Clinostigma samoense

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Clinostigma (klin-oh-STIG-mah)
samoense (sah-moh-EN-seh)
Clinostigma samoensenongnooch.jpg
Nong Nooch Botanical Gardens, Thailand.
Scientific Classification
Genus: Clinostigma (klin-oh-STIG-mah)
samoense (sah-moh-EN-seh)
Clinostigma powellianum
Native Continent
Habit: Solitary
Leaf type: Pinnate
Survivability index
Common names
Samoan Palm.

Habitat and Distribution

Clinostigma samoense is found in cloud forests on the island of Samoa.

SAMOA: Tiavi, Upolu, 1971.


Trunk type: Solitary. Hight: To 25 meters, (82'), with a powdery blue to lime green crownshaft, a tall, slender, ringed trunk, the trunk when young appears whitish, but turns a glaucous green with age, and maintains a ‘chalky’ appearance even when mature, when mature they develope a mass of stilt roots. The leaves are pendulant, giving the crown a wonderful appearance. The immature leaves are bifid, and go pinnate after a year or two in the ground. Leaf detail: Pinnately compound, fine leaflets, heavily drooping, with arching fronds, fronds to 6 meters, (20'). Editing by edric.


Requirements: Filtered light when young, full sun when mature, consistently moist soil, well drained position. Once established, C. samoense is fast growing palm. The younger palms need either some wind protection, or patience from the grower. Some claim that there is no more beautiful palm species than this. An interesting note on the samoense is that taxonomists are now calling the samoense that we are growing in Hawaii C. species ‘Eastern Upolu'. Hardiness, USDA zones 11-up.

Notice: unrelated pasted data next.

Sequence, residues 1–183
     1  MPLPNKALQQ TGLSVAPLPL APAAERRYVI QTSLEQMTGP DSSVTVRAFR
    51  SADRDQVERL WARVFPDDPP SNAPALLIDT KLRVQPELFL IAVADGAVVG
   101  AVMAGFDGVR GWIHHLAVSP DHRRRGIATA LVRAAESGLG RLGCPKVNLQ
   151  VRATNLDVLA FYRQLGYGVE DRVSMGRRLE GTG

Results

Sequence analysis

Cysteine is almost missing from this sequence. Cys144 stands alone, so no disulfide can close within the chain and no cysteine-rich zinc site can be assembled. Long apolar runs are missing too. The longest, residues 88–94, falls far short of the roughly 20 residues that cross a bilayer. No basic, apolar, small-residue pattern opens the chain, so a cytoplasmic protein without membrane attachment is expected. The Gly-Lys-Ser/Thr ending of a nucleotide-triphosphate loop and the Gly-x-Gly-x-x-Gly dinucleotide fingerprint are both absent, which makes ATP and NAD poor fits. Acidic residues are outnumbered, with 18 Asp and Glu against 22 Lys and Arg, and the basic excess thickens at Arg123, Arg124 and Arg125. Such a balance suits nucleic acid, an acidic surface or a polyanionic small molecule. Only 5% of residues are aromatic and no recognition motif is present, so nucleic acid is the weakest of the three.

Comments and Curiosities

Clinostigma are among the most beautiful feather-leaved palms. This species from cloud forests in Samoa in the southern Pacific has a tall, slender, ringed trunk that is initially white but turns green with age. Its leaves are large and undivided in juvenile plants, but become elegantly spreading and very finely divided in adult specimens. C. samoense is fast growing and best suited to humid, tropical or warm subtropical climates. (

External Links


Phonetic spelling of Latin names by edric.

Special thanks to Geoff Stein, (Palmbob) for his hundreds of photos.

Special thanks to, Dr. John Dransfield, Dr. Bill Baker & team, for their volumes of information and photos.

Glossary of Palm Terms; Based on the glossary in Dransfield, J., N.W. Uhl, C.B. Asmussen-Lange, W.J. Baker, M.M. Harley & C.E. Lewis. 2008. Genera Palmarum - Evolution and Classification of the Palms. Royal Botanic Gardens, Kew. All images copyright of the artists and photographers (see images for credits).

Many Special Thanks to Ed Vaile for his long hours of tireless editing and numerous contributions.

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